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HC3 Moves to Dillon

Post Date:08/25/2017 2:03 PM

Media Contacts: Kerstin Anderson, Town of Dillon, (970) 262-3403
Jen Schenk, Executive Director, High Country Conservation Center, (970) 668-5703 


Dillon, Colorado – October 27, 2016 – The High Country Conservation Center (HC3) is moving its office from Frisco to Dillon on Monday, October 31st. The organization best known for promoting resource conservation in Summit County and for their focus on recycling, composting, energy conservation, environmental education, water conservation, sustainable food programs and community gardens is moving into the Old Dillon Town Hall. “We excited to welcome HC3 to the neighborhood,” said Dillon Town Mayor, Kevin Burns. ” The Town of Dillon had space available and a community need that aligned with the growing space requirements of HC3. It feels good that the town is in a position to support the organization through a rent subsidy,” said Burns. The Town of Dillon owns the building and is essentially leasing the space to HC3 rent-free. “In addition to the great work they do provide conservation solutions to Summit County at large, we see HC3 as a builder of community experiences and that fits perfectly with Dillon’s Guiding Principles,” said Mayor Burns. 

HC3’s move to Dillon will substantially increase the size of their office space, increasing their ability to serve the community. With growing programs and additional staff, HC3 had outgrown their Frisco historic cabin. The Frisco gardens will be relocated to the Frisco Peninsula for summer 2017.

As one of the original buildings that were moved from the former Dillon town site (which is now located at the bottom of Dillon Reservoir) in 1963 and that was later used as a theater, HC3 completed substantial renovations to make the building a functional, sustainable workspace.

• Repurposing pallets to create office dividers.
• Repainting the black-box theater with light-colored, low volatile-organic compound (VOC) paint.
• Installing efficient LED lighting and programmable thermostat on the heating system.
• Adding insulation (there was none) and sealing up leaks/holes in the building.

HC3 had multiple work days with many community volunteers, including Native Roots staff, to complete the overhaul of the building. Lowe’s also donated $2,500 for the remodel project. 

The move comes just in time to kick-off fall programs such as the Pumpkin Composting program which invites residents to compost their pumpkins after Halloween at the Dillon, Frisco and Breckenridge recycling sites until November 14th. This program is free and details can be found at

As winter rapidly approaches, the new move also coincides with winter energy audits. HC3 offers $99 energy audits for homeowners looking to save money or make their homes more comfortable. For Summit residents earning less than 80% of area median income, Hc3’s CARE (Colorado Affordable Residential Energy) program provides energy assessments, free LED bulbs and many energy upgrades for free. Visit to learn more.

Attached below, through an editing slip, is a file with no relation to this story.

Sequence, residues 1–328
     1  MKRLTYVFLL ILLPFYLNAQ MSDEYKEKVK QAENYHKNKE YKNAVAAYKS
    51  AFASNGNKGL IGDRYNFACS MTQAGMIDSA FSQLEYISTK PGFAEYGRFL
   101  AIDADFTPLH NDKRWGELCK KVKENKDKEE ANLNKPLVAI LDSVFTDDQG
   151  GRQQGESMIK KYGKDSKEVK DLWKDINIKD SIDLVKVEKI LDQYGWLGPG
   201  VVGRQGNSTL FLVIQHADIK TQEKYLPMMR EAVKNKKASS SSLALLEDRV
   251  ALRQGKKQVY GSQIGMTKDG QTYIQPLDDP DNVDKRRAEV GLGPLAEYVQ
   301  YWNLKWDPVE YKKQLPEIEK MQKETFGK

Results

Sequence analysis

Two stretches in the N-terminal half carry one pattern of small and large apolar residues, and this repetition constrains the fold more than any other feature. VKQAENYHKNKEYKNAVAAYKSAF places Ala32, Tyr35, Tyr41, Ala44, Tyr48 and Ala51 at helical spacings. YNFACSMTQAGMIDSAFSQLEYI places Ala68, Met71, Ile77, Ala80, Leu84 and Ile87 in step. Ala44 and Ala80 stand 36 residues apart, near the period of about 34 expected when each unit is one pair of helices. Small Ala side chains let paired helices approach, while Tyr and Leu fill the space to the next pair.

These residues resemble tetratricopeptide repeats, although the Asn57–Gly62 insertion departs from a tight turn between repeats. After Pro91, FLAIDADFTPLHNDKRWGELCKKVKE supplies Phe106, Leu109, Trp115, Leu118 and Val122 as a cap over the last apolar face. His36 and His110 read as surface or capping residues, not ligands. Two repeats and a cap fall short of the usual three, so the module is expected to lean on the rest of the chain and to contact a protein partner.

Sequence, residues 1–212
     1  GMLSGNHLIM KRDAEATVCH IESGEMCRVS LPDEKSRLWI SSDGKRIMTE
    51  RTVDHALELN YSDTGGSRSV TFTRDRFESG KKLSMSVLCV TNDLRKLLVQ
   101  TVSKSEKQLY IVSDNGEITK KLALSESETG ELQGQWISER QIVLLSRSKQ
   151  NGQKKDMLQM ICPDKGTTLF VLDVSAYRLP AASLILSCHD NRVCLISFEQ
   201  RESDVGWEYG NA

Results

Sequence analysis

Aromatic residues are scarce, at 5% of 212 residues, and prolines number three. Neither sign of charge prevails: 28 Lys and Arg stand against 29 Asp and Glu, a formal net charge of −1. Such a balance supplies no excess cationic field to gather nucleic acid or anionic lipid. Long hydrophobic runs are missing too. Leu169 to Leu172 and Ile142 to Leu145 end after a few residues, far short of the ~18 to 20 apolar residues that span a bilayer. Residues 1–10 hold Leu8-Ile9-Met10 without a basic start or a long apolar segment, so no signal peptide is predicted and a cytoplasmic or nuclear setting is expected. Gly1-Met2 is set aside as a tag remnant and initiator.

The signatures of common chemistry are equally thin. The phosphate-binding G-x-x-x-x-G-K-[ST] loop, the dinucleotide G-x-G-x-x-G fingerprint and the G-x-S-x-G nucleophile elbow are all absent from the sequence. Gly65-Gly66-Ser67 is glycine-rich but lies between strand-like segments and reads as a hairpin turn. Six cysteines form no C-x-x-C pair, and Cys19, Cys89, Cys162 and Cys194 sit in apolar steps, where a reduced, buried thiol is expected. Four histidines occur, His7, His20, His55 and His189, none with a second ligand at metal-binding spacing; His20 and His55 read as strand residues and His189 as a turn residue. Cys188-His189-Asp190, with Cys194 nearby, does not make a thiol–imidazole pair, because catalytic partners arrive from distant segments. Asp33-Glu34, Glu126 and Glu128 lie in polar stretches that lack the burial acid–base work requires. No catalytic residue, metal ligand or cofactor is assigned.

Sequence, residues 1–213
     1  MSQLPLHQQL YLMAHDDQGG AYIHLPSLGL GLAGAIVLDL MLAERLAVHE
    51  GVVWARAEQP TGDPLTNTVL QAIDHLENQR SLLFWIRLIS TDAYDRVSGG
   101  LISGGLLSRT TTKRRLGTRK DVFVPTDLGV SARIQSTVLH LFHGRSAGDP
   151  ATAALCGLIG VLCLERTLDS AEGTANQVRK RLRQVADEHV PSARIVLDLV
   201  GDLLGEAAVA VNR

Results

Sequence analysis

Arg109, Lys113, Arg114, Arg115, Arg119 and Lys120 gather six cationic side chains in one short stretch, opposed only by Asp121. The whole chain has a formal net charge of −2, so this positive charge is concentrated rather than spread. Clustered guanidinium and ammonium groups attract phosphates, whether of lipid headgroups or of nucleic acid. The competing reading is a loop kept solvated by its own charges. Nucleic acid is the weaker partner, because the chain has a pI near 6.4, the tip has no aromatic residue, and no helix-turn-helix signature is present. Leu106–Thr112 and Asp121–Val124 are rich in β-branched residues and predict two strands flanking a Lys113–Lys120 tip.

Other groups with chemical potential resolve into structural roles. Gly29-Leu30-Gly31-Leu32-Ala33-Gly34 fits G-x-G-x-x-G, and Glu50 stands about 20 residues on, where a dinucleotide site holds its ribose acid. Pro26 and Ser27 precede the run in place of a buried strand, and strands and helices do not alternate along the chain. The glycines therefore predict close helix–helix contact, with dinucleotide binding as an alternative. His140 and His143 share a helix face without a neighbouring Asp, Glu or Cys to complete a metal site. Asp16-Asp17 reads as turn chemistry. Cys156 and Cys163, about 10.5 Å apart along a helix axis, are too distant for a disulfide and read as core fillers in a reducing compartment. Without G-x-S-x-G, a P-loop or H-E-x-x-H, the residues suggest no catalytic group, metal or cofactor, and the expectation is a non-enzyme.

“We are incredibly excited to move to Dillon to a much bigger and more functional office space. Thanks to the Town of Dillon, Lowe’s and all of our volunteers who helped transform the building from a theatre into a fantastic workspace for HC3,” said Executive Director, Jennifer Schenk. 

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The Town of Dillon at a Glance 

The Town of Dillon was incorporated Jan. 26, 1883 at the site of a trading post and stage stop. The town has moved three times: once to be closer to the railroad and a second time to be located between three rivers: the Blue, the Ten Mile and the Snake.

The third move began in 1956 when the Denver Water Board told the townspeople they must sell their property and be out of town by 1961. The final location for the town was selected on the shore of the new reservoir, where it continues to thrive today.

The Town of Dillon is a full-service community with a year-round residential and seasonal population of 2,766. Dillon¹s beautiful location in the heart of Summit County provides an unrivaled scenic backdrop for an abundance of summer activities. Its close proximity to Summit County¹s ski areas makes it a convenient lodging choice for winter vacationers. The many condominiums and motel rooms bring the peak population to about 5,200 people. 

The Dillon Town Center is home to many Summit County businesses, dining and entertainment opportunities: Dillon Reservoir, Dillon Marina offering boat rental, kayak and Stand-Up Paddle Board rentals, sailing lessons and guided sailboat tours and a seasonal lakeside bar and grill, post office, bowling alley, movie theatre and multiple parks featuring playgrounds, community spaces, ball field and hiking and biking trails. 

The Dillon Ridge Market Place stores, on Highway 6, are a mix of local and national businesses offering groceries, a movie theater, restaurants, sporting goods and more. 

Although Dillon has retained much of its small-town charm, it¹s definitely not sleepy.   
Summer in Dillon is unrivaled for family activities, with boating in Lake Dillon, Swing and Country Dance Nights, Friday Farmers Markets and weekend concerts at the open-air Lake Dillon Amphitheatre. Enjoy the vistas, fresh air and pocket parks while enjoying the more than 25 miles of paved recreation path that circles the lake.

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